DFRPG Review: Spells

This entry is part 3 of 6 in the series Dungeon Fantasy RPG Review

This is the third part of the review for Steve Jackson Games’ Dungeon Fantasy Roleplaying Game (DFRPG). The Spells volume is an 82 page PDF written by Sean Punch.

Covers and Front Matter

Dungeon Fantasy Roleplaying Game: Spells cover
Dungeon Fantasy Roleplaying Game: Spells

Spells continues the DFRPG approach of full-page, full-color illustrations for the front cover. This scene captures the excitement of magic in dungeon adventuring, as the party casts spells against a fireball-wielding devil creature.

The back cover is a reference page for spellcasting rules. It covers how skill level affects magic rituals, modifiers for mana levels, druidic spell modifiers, and long-distance modifiers, and the critical spell failure table. It also includes page references for rules handling specific spell classes, like blocking spells or jet spells. The page is well designed; the selected rules are likely to be referenced frequently during play.

After the table of contents, there is a one page introduction. Spells is designed to be a reference for players as well as GMs. Surprisingly, players are not warned to avoid looking up spells used by monsters; the assumption seems to be that this information would be known by magic-wielding characters. The introduction also flags that PCs do not, by default, have access to potentially unbalancing effects such as summoning beasts, changing shape, but these effects can be added by expanding to GURPS Basic Set as well as GURPS Magic.

Principles of Magic

This first chapter is an 11-page explanation of how magic works in Dungeon Fantasy. The skill-based system treats spells just like the Basic Set, but there are explicit rules for how the system works in three magical realms. Wizardly spells use the spell system as-is, while clerical and druidic magic have limited spell lists grouped by levels of Power Investiture, as well as different modifiers for their equivalent of mana levels (sanctity and nature’s strength).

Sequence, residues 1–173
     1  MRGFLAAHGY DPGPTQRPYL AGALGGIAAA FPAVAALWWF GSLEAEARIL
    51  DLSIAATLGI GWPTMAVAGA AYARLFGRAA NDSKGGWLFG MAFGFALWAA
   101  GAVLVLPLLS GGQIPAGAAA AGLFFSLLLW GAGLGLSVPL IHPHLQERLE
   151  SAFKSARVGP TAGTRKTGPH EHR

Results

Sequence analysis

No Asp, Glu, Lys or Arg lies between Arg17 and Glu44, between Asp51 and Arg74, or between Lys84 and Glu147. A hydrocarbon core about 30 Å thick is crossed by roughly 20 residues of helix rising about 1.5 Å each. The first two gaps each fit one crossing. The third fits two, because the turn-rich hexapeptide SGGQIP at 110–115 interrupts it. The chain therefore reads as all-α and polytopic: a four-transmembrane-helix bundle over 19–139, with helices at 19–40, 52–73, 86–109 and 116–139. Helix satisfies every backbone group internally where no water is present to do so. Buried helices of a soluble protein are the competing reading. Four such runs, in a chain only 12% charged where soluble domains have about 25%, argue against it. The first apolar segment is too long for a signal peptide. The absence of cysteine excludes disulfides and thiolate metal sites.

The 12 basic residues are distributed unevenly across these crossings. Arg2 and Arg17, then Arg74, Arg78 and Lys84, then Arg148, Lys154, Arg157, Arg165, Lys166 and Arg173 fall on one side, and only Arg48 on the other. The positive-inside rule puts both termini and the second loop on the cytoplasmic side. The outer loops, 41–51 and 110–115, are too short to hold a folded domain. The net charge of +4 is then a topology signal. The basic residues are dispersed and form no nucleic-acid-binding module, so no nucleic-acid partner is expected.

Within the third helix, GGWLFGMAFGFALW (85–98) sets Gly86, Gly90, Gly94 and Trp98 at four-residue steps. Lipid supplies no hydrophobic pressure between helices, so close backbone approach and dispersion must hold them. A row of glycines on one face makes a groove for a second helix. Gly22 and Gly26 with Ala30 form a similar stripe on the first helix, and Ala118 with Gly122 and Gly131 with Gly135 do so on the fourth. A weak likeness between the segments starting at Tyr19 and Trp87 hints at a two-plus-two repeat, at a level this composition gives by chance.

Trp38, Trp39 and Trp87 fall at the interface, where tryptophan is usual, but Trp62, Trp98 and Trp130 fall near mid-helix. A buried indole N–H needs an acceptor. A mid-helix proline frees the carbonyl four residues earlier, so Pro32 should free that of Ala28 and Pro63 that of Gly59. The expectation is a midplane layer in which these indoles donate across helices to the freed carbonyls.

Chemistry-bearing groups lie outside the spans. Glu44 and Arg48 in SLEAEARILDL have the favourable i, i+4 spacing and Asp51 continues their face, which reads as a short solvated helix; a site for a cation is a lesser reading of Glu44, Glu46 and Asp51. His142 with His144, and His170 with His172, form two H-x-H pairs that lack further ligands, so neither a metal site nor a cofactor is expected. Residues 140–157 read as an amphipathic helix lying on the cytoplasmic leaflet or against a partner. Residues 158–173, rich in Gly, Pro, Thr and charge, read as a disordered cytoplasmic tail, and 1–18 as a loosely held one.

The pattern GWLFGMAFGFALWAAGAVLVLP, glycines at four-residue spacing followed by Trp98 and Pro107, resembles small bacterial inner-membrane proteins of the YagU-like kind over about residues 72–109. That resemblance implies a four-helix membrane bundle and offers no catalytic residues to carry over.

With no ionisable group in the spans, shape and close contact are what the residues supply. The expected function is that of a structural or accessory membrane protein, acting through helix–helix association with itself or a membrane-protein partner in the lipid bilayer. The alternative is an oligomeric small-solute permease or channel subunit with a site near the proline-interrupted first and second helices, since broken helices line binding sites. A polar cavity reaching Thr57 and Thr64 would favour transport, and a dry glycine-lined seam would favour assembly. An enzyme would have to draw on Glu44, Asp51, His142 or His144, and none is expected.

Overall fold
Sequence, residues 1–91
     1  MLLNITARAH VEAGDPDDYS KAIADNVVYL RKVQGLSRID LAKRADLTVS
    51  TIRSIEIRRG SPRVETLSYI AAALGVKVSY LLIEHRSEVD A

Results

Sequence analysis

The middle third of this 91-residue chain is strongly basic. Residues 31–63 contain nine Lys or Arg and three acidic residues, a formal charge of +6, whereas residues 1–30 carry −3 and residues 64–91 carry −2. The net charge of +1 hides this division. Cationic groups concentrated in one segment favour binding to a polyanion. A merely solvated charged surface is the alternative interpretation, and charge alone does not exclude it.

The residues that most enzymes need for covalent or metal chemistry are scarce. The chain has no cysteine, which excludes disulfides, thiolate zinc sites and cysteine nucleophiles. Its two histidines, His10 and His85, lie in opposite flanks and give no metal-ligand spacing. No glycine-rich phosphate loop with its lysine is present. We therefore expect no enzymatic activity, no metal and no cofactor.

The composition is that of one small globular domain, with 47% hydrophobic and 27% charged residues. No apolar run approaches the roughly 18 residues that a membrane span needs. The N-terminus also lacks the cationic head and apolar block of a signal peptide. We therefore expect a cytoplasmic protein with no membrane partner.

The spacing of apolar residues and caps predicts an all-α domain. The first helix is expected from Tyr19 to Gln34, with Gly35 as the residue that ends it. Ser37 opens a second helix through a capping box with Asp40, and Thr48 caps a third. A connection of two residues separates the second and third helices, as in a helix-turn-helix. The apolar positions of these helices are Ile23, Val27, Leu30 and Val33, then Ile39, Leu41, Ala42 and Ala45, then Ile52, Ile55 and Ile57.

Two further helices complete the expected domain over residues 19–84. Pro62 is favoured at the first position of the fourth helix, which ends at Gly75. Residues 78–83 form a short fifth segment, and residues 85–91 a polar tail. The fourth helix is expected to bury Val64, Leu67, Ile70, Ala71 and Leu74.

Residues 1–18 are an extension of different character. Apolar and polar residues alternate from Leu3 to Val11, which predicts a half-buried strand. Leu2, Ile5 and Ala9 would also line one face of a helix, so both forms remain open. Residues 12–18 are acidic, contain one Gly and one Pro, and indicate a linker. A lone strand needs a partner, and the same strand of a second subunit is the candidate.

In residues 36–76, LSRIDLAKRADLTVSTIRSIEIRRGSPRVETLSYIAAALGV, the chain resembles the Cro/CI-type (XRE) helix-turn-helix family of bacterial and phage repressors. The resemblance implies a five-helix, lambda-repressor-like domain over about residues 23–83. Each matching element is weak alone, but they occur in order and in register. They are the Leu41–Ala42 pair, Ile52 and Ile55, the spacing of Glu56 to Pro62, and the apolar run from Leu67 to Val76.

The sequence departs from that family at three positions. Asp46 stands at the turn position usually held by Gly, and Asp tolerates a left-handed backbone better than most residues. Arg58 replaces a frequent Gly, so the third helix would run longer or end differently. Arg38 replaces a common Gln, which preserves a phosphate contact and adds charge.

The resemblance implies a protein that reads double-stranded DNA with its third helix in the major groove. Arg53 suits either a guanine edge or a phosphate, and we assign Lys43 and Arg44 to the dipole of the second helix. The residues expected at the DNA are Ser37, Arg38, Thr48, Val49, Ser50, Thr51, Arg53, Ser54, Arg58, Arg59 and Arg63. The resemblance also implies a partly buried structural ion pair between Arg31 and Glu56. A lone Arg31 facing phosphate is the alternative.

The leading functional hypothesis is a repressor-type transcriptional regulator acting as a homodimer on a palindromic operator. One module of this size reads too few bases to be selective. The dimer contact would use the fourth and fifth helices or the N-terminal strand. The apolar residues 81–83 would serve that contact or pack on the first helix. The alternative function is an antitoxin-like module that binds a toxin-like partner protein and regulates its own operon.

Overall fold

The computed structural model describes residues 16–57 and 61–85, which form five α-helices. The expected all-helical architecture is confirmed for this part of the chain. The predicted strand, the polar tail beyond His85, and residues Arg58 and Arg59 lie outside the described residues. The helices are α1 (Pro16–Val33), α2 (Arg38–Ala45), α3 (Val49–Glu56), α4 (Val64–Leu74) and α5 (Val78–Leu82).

The rules for magic are relatively clear. There are a few brief examples in the text, although beginners might benefit from more examples. One improvement from the Basic Set is that the options for learning new spells are enumerated in the Dungeon Fantasy context; heroes can study at temples or learn from spellbooks, but players can’t simply use character points on new spells without a narrative justification.

Adventurers and Exploits both tweak GURPS’ rules so that some of the rough spots of the Basic Set are polished smooth. Unfortunately, Spells does not do as much to improve on the Basic Set experience. The cumbersome modifications to spell cost and casting time based on base skill level are still present, which is a detail that can be very confusing for new players. Clerics and druids benefit from simplified prerequisites, but wizardly casters still have to contend with difficult-to-determine prerequisite chains.

The Spellbook

The majority of the book—58 pages—describes over 300 spells. The spells are organized by college; there are 22 magical colleges that represent different bodies of magical specialization, such as air, food, movement, and protection and warning.

After the spellbook chapter, there is a six and a half page spell table that lists all the spells in alphabetical order, along with their respective college, prerequisites, and page references.

The organization for this spellbook chapter and spell table collectively could be greatly improved. There are two situations in which players will need to look at the spell rules. First, as they are doing character creation, they need to be able to look at spell options for their characters. Second, during play they may need to look up the rules for a specific spell that they are casting. Neither need is easily served by the way the book is organized.